This is a question from my PhD office and I would like some more opinions on this.
Are there any real benefits from joining organizing committees for internal conferences? Like your department's postgraduate research symposium? These committees are usually student lead but with academics supervising the committee so that it tries to mimic real conferences.
I think these committees are a low energy task that can be easily managed around your work. While you get experience in how conferences are set-up and managed so that you can potentially do one in the future. Also as you have a better understanding of how the process works, you will be better at submitting to real conferences. Plus it will look good on your CV.
While most of my colleagues think they are a waste of time and too much effort while having no relevance whatsoever. As they argue that they aren't like real conferences so no-one cares if you have organized them. And you also gain no relevant experience. I know they aren't to the same standard but the organizing process has got to be the same at least?
I know I sound biased but would genuinely like some other opinions.
I'd question as to whether you'd actually bother to put something like that on your CV. I organised a two day internal training course a few years ago. I'm pretty sure it's not on mine because I don't have enough room to put it on, when I consider it to be a 'less relevant' in jobs I would typically apply for. That said, I have mentioned it in supporting information in job applications if it's useful to support something in the job description.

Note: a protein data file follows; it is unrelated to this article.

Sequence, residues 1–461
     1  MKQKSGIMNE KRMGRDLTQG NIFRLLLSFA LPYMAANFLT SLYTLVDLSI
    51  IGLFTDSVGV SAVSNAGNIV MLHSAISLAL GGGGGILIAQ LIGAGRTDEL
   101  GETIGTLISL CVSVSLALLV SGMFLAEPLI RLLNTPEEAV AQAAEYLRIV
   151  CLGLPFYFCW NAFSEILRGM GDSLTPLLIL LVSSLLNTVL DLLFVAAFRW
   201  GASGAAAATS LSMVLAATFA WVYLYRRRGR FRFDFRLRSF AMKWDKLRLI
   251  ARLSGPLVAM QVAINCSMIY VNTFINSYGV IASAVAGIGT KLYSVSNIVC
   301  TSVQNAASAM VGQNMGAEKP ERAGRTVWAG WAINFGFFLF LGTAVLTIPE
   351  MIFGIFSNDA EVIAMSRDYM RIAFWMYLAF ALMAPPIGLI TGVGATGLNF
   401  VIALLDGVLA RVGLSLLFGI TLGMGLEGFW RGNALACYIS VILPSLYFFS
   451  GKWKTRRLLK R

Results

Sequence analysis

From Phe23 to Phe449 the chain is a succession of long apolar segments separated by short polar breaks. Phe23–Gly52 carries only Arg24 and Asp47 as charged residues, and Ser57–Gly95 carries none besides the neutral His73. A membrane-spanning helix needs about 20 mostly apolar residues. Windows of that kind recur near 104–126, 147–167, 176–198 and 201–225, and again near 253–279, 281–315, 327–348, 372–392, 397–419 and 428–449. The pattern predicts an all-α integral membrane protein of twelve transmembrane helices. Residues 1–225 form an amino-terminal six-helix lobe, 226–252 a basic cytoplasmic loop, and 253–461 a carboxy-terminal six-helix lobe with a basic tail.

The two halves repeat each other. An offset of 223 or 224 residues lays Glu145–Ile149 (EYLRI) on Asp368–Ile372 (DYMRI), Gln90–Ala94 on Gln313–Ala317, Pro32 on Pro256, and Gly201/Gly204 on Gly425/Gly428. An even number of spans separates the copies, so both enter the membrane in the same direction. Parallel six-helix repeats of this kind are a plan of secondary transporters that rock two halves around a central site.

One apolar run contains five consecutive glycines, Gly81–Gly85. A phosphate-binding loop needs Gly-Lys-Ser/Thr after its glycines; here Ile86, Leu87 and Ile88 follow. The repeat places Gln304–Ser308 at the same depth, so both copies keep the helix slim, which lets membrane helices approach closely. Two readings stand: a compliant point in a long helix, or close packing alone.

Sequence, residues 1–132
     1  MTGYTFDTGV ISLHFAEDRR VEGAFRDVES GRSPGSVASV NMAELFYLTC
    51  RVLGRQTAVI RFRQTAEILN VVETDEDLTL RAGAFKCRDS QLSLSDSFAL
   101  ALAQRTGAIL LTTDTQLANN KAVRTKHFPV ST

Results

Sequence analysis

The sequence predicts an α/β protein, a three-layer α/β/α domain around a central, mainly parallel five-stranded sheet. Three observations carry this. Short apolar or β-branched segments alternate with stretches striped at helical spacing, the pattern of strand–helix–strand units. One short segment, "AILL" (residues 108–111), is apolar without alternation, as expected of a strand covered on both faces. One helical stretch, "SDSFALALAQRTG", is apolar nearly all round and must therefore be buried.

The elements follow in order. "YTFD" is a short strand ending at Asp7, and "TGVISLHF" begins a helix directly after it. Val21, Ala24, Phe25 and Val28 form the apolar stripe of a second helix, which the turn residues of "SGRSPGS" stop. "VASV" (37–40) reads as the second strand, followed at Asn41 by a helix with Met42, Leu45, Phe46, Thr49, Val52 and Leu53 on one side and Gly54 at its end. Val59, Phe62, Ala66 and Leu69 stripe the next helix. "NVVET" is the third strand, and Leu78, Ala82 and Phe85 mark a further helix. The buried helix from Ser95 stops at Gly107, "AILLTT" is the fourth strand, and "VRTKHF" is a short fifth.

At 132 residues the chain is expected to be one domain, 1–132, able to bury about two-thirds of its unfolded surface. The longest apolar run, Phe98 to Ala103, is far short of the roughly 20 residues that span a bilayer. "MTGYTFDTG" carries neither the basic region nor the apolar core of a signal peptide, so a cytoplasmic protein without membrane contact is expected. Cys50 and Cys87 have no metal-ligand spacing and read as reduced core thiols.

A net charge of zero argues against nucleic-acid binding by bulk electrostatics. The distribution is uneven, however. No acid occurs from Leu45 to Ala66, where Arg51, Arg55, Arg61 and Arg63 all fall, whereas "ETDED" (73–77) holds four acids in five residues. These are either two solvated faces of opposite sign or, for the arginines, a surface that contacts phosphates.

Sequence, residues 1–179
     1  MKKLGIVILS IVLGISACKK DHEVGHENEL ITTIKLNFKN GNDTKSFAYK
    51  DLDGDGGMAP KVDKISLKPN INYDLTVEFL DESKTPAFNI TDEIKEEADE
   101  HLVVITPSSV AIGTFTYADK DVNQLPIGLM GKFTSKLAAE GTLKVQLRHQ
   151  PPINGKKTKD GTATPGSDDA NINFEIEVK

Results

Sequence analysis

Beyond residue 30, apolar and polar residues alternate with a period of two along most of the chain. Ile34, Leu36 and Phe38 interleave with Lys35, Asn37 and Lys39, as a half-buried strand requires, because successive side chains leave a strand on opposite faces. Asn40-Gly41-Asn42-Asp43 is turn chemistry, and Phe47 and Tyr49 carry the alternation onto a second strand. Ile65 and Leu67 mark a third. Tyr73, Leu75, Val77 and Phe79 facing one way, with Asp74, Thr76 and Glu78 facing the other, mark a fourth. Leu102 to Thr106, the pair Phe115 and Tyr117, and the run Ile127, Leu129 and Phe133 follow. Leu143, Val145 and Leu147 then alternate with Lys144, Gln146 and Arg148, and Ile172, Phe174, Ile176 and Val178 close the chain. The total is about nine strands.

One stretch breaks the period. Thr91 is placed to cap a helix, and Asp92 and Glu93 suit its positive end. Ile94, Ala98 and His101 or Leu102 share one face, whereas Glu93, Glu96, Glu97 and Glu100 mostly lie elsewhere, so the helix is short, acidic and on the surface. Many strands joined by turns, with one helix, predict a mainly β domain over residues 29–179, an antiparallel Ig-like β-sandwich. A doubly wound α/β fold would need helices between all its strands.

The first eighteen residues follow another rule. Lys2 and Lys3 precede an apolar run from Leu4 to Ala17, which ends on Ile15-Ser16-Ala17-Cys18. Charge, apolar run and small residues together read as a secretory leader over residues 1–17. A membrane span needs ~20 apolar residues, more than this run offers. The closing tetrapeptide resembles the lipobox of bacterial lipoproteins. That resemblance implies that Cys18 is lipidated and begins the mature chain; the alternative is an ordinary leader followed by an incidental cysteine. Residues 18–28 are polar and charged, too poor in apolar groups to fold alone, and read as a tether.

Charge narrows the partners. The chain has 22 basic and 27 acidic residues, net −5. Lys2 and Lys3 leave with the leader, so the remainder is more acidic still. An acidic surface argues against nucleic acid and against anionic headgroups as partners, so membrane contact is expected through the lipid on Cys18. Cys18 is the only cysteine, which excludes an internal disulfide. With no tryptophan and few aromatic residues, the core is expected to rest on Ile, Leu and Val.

I think perhaps it's a little harsh to say these things aren't like real conferences - yes they can miss elements such as like the abstract submission process and inviting people to present, but in terms of organisation, they still involve arranging rooms and speakers etc. If there's workshops of any kind you need facilitators. You can also consider feedback from the previous year/provide recommendations for the future.
I think these things are useful to do in terms of understanding the level of organisation that goes into things, particularly if you'd like to maybe help organise 'proper' conferences in the future. I certainly wouldn't say it wouldn't give you any relevant experience - My experience was useful. But in reality, I'm not sure how much they help with your CV and I'm not sure how it helps with submitting to real conferences.
Things will only "look good on your CV" if you actually want a job which will require you to do more of the same.
If you want to be seen as an organiser then I would certainly put this on your CV.
If you don't want to be asked to perform these types of role then I would avoid any mention of it.
I would recommend passing on the following advice to your PhD office. It is not healthy to think of a CV as a way to get jobs. Obviously that is the desired outcome but focussing on that seriously risks leading to crap careers. You start "CV filling" - putting all manner of rubbish on there because you think it will look good to a prospective employer. A better mindset is to realise that a CV is a marketing tool designed to describe the dream jobs you want to do, full of evidence regarding how you have demonstrated your suitability for those roles. When I took that advice on board over 20 years ago it was a career defining change for me.
These sorts of activities are useful in terms of socialisation. Once you've got a bit of experience locally, you might want to consider getting involved in the postgraduate / early career network of a professional association in your field. That's the sort of thing that is both useful in network building and getting your name known in your profession, but also sends signals that you're collegiate on your cv, which is definitely a good thing in my experience.
Maybe I am throwing a curveball here but why not organise a "real" international conference? I did so when I was a PhD student, with support of my institution(s), and it was one of the best things I have done, real experience and made a lot of useful contacts, and was, together with a session I organised with a more senior colleague at another international conference, the "seed" for a collection of essays I am now editing for Bloomsbury.
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